March 11, 2021

Congratulations: Campion Fund Awardees Ru-pin Alicia Chi and Christine E. Crute

Alicia Chi photo 002Ru-pin Alicia Chi, a post-doctoral researcher at NIEHS in the Reproductive and Developmental Biology Laboratory, was given the Campion Fund Award for the best oral presentation at the recent Triangle Consortium for Reproductive Biology meeting held on February 26, 2021. Her presentation, WNK1 regulates embryo implantation in mice through PP2A-AKT (protein phosphatase A2- alpha serine/threonine protein kinase) signaling, was judged outstanding by a panel of independent scientists selected by the meeting program committee. WNK1 (with no lysine kinase 1 or lysine deficient protein kinase 1) is an atypical kinase protein that is known for its function in regulating ion homeostasis and cardiovascular development. Dr Chi, working with Dr Francesco DeMayo and colleagues in his laboratory, has shown that WNK1 is a downstream mediator of epidermal growth factor receptor (EGFR) in decidualizing human endometrial cells. Using a global kinase profiling analysis preliminary studies showed that WNK1 inhibition impaired several decidualizing events, including cell proliferation, migration and differentiation. In a mouse model with conditional WNK1 ablation from the reproductive tract she reported altered uterine morphology, endometrial hyperplasia, adenomyosis, and delay in embryo implantation. By utilizing transcriptome, proteome and interactome investigation Dr. Chi demonstrated a novel regulative role of WNK1 in the PP2A-AKT-FOXO1 (Forkhead Box O1)signaling axis.  WNK1 interacts directly with PP2RIA, (protein phosphatase 2A regulation subunit A, alpha isoform) a molecule crucial for PP2A phosphatase activation. PP2A phosphatase dephosphorylates AKT, reducing its inhibitory effects on FOX01. Thus, FOX01 enters the nucleus and regulates the transcription of implantation-associated genes. Ablation of of WNK1 results in the loss of uterine FOX01 localization to the nucleus leading to dysregulation of FOXO1 -regulated genes and impairs implantation resulting in compromised fertility. These findings reveal a novel function of WNK1 in mediating implantation in mice through post-translational modulation of AKT and FOX01.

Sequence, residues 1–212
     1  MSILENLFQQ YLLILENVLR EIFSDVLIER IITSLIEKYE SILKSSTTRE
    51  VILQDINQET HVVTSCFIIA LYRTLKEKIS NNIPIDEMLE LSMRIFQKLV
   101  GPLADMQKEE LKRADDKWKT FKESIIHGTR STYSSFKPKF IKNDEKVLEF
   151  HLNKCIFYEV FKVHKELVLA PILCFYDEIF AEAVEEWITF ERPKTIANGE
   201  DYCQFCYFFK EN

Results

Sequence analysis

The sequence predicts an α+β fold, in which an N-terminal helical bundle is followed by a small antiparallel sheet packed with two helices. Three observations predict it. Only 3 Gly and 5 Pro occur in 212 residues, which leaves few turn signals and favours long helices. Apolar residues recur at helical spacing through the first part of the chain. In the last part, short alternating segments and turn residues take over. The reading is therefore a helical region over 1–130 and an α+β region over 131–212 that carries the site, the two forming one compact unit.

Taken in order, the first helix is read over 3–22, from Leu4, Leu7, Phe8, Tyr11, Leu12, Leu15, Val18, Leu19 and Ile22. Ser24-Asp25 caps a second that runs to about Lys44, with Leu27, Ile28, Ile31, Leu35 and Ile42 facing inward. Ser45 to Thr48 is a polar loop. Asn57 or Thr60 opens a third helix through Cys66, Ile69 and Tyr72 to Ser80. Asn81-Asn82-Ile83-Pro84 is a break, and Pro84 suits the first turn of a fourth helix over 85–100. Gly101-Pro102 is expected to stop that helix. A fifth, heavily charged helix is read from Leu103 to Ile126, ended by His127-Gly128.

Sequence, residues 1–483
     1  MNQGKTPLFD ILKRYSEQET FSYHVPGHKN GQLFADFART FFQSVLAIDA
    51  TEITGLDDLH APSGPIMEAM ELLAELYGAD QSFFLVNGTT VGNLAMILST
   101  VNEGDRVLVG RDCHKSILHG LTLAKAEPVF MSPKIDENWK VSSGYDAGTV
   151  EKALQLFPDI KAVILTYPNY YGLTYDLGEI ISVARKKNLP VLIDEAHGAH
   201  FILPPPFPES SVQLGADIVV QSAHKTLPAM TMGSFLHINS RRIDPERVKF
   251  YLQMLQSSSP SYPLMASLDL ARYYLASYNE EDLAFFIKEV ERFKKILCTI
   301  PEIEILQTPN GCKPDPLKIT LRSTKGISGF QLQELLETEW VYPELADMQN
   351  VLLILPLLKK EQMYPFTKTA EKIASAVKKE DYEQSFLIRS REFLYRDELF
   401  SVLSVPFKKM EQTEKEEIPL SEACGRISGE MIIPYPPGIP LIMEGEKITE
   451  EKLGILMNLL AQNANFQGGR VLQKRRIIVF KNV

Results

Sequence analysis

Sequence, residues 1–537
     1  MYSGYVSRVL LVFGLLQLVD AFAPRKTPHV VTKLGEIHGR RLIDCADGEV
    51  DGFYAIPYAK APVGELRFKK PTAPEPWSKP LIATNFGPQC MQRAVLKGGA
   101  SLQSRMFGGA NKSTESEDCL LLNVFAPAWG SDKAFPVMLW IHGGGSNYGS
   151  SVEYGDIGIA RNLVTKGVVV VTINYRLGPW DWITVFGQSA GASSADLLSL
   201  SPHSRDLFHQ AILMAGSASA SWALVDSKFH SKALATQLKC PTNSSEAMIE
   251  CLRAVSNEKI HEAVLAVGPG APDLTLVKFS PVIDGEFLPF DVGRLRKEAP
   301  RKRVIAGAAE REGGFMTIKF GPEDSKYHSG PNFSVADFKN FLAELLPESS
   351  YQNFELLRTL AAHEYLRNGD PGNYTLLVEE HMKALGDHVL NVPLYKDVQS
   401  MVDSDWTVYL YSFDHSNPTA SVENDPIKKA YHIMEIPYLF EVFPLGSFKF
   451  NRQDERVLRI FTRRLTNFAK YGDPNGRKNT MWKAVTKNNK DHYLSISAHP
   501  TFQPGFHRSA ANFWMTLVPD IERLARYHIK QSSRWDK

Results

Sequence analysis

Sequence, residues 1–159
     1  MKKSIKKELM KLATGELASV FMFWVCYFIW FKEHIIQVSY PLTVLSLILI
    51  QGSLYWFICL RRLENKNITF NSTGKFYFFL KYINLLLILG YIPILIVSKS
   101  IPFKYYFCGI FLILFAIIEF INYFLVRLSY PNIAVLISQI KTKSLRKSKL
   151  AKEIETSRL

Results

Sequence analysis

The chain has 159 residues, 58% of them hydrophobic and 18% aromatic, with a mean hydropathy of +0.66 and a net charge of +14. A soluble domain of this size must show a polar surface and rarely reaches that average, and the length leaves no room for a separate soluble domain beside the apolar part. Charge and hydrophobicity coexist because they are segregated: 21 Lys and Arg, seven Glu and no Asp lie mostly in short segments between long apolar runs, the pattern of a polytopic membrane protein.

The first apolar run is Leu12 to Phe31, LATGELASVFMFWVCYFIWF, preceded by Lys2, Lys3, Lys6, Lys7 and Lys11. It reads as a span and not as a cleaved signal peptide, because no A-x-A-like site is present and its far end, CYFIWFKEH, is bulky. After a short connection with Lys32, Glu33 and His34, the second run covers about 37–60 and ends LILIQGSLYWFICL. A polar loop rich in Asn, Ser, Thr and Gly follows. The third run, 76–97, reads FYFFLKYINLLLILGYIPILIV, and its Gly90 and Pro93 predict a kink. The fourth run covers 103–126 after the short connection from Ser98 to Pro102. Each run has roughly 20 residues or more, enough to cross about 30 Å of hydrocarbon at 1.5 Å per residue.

CHRISTINE CRUTE 002Christine Crute was given a Campion Fund Award for the best poster presentation. She is a graduate student at Duke University, Integrated Toxicology and Environmental Health Program. Her thesis advisors are Drs. Liping Feng and Susan Murphy, Nicholas School of the Environment, Integrated Toxicology and Environmental Health Program and School of Medicine, Department of Obstetrics and Gynecology. Her presentation was entitled, Maternal exposure to an environmentally relevant mixture of per-and poly-fluoroalkyl substances (PFAS) leads to adverse pregnancy outcomes in a New Zealand White rabbit model. Per-and Poly-fluoroalkyl substances are synthetic substances in commercial household products such as nonstick cookware, food packaging, stain resistant carpets and furniture. In the United States population >95% of persons have detectable PFAS in their blood due to exposure of contaminated  drinking water and indoor dust. This exposure in humans is associated with adverse health effects including disruption of the endocrine system, liver and immune system toxicity as well as developmental defects. Evidence raises concerns that maternal PFAS exposure is associated with maternal hypertensive disorders, thyroid hormone disruption and fetal growth restriction. It was recently discovered that PFAS blood levels in residents in Pittsboro, NC are two to four times higher than in the genera US population. The likely cause of the high blood levels is the highly contaminated drinking water. Chrissy Chute evaluated pregnancy endpoints using New Zealand White rabbits, with placentation closer to that of human placentas compared to other animal models. The rabbits were supplied with control (no detectable PFAS levels) or PFAS contaminated drinking water formulated with PFAS to resemble levels measured in tap water from Pittsboro (10 PFAS compounds, total PFAS load=758.6 ng/). One week after drinking water exposure, dams were bred and pregnancy confirmed by ultrasound on gestational day 15. At gestational day 25 the maternal and fetal organs were directly evaluated and measured. Maternal PFAS exposure led to increased body weight (p=0.002)  and liver weight(P=0.001) decreased gravid uterine weight(P=0.0005) and decreased number of fetuses. The PFAS exposed dams had small soft lesions across their uteri while two dams had late fetal resorptions which were not seen in the control dams. The placental weights from exposed dams trended heavier than control placentas ( p=0.06). There was no change in fetal body weight, crown rump length or brain weight. Maternal mean arterial blood pressure observed by indirect doppler arterial measurement at baseline and at gestational day 25 was increased compared to controls (p=0.01).  Her studies are continuing to investigate the pathology of the placenta, uterus and liver of the rabbits using serum biomarker assays, hormonal measurements and related gene and protein expression.